Snowy Ski Resort Gets 100 Percent of Power from Sun and Wind

From on 05/08/2013 in Category Company with 4 Comments
Berkshire East Winter_SS

Nestled in the snowy hills of Mt. Institute a new 500 kW solar farm is helping a ski resort make snow! The Massachusetts family-run business, Berkshire East, can now claim the rights to owning the first ski resort that runs on 100 percent on-site renewable energy.

About Berkshire East

Berkshire East is located on Mt. Institute in the small town of Charlemont, Massachusetts.  In the charming town of 1,266 residents, the ski resort hosts more than 100,000 skiers annually, and has six ski lifts and two lodges. The year-round resort also caters to thrill seekers in the warm summer months, offering one of the longest zip line canopy tours in the United States.

Solar and wind are combined to provide enough energy to power the entire ski resort.

In Tandem: Solar and Wind

The recently commissioned 500 kW solar farm was developed by Sustainable Energy Developments Inc. SED installed 90 dual-axis AllSun Trackers manufactured by AllEarth Renewables. The dual-
axis trackers combine GPS and wireless technology to position more than 2,000 solar panels towards the sun throughout the day. Each AllSun Tracker is paired with an SMA Sunny Boy 6000-US inverter for maximized energy production. Despite the harsh winter conditions, the solar farm is expected to produce 700,000 kWh annually.

The solar farm accompanies a 900 kW wind turbine that the company installed in 2011. The 277-foot tall wind turbine, manufactured by PowerWind, has 91 foot-long blades and can spin up to 27 rotations per minute. Together the solar and wind systems produce enough power to cover the resort’s high electricity demand for the entire year.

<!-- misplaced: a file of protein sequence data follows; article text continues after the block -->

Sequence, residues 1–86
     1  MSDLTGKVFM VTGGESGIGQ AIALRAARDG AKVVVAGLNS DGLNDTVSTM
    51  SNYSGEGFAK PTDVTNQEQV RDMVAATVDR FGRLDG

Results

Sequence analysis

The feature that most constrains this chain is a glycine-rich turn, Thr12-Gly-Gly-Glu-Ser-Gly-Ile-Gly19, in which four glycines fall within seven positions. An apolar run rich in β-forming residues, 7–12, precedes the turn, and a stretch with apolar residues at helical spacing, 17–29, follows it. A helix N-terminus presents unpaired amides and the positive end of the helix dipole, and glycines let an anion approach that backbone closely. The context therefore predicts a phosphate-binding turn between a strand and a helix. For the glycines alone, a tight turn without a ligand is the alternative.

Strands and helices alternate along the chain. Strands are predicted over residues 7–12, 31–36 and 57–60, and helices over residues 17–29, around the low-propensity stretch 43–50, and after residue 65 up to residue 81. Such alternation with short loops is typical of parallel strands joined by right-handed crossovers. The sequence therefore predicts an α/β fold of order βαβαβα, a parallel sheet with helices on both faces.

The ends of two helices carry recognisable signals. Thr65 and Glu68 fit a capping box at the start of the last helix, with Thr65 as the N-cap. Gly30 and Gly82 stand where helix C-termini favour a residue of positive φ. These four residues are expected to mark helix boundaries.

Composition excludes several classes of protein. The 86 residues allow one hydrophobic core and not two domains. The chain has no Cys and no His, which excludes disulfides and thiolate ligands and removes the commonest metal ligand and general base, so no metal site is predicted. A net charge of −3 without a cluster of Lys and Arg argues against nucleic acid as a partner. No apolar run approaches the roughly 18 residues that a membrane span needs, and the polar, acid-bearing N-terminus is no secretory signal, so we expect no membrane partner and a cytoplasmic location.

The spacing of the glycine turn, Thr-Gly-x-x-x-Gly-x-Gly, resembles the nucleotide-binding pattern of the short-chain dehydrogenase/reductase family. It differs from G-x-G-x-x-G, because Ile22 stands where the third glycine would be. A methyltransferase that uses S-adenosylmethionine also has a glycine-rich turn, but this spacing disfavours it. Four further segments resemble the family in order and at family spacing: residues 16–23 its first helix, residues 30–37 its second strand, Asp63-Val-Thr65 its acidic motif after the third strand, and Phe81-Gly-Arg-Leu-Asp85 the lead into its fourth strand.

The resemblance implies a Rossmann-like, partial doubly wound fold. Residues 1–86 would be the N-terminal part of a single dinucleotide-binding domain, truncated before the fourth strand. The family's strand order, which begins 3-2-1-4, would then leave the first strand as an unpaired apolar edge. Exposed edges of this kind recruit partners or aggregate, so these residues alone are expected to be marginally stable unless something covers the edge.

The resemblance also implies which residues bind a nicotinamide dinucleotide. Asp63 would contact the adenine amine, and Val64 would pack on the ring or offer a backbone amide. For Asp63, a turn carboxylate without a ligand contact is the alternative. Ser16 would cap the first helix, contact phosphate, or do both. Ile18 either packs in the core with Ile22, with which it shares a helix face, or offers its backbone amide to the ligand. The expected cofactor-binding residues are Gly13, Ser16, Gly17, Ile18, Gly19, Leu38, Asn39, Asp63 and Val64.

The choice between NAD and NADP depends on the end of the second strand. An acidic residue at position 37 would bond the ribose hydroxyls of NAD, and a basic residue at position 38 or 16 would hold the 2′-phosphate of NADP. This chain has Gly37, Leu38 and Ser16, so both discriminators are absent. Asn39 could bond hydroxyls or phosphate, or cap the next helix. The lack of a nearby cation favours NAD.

Berkshire East is open year round, offering zip line tours during the warm summer months.

Reducing Costs for the Future 

According to Berkshire East spokesperson, Jon Shaefer, “the largest non-labor expense for Berkshire East is energy.” When natural snow is unavailable, energy guzzling snow-making equipment is used to supplement it. Concerns over climate change and energy price increases are making many ski resorts look at renewables as an investment for the longevity of their businesses. Berkshire East has used renewable energy as a security for their future, guaranteeing skiers and snowboarders will be able to hit the slopes for many years to come.

 

Solar Spotlight aims to highlight SMA inverters in real-world situations. Email us with information about your SMA-powered PV projects at SocialMedia@SMA-America.com

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4 Comments

  • avatar

    Daniel Reich

    05/08/2013 at 3:31 pm

    That picture with people on the chairlift is NOT Berkshire East. Not even close.

    Reply »
    • avatar

      Melissa Womack

      05/08/2013 at 3:50 pm

      Hi Daniel,

      Thank you for alerting us about the incorrect image used to represent Berkshire East ski resort. We have removed the image and apologize for the mistake.

      Regards,
      Melissa

      Reply »
  • avatar

    Mark Gibson

    05/24/2013 at 6:22 am

    Perhaps you would round out the article by explaining whether this company is doing net-metering or participating in a feed-in tariff, or whether they store their electricity for later use somehow (unlikely); in other words, are they producing as much electricity as they use (using the grid as their battery) or are they producing all of the energy they will use (storing it somehow). Also, much of their energy use will be gas or diesel for their snow machines and earth movers; how much energy is that compared to their electricity use? Thanks. This is good progress by the company and feels like incomplete reporting to make us feel good without thinking.

    Reply »
    • avatar

      Melissa Womack

      05/24/2013 at 4:17 pm

      Hi Mark,

      Thanks for commenting on the Berkshire East ski resort blog post, you have made some interesting observations. I will take your recommendations into consideration for future posts.

      Regards,
      Melissa

      Reply »

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